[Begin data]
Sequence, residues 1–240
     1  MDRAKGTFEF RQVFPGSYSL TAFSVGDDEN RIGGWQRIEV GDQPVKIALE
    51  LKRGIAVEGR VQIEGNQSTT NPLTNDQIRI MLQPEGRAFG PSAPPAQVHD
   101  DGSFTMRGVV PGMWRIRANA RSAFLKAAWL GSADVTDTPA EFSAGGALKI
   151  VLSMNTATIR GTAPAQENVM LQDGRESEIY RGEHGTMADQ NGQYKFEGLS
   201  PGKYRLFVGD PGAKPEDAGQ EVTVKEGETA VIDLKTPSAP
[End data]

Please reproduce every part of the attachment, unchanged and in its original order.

Sequence, residues 1–240
     1  MDRAKGTFEF RQVFPGSYSL TAFSVGDDEN RIGGWQRIEV GDQPVKIALE
    51  LKRGIAVEGR VQIEGNQSTT NPLTNDQIRI MLQPEGRAFG PSAPPAQVHD
   101  DGSFTMRGVV PGMWRIRANA RSAFLKAAWL GSADVTDTPA EFSAGGALKI
   151  VLSMNTATIR GTAPAQENVM LQDGRESEIY RGEHGTMADQ NGQYKFEGLS
   201  PGKYRLFVGD PGAKPEDAGQ EVTVKEGETA VIDLKTPSAP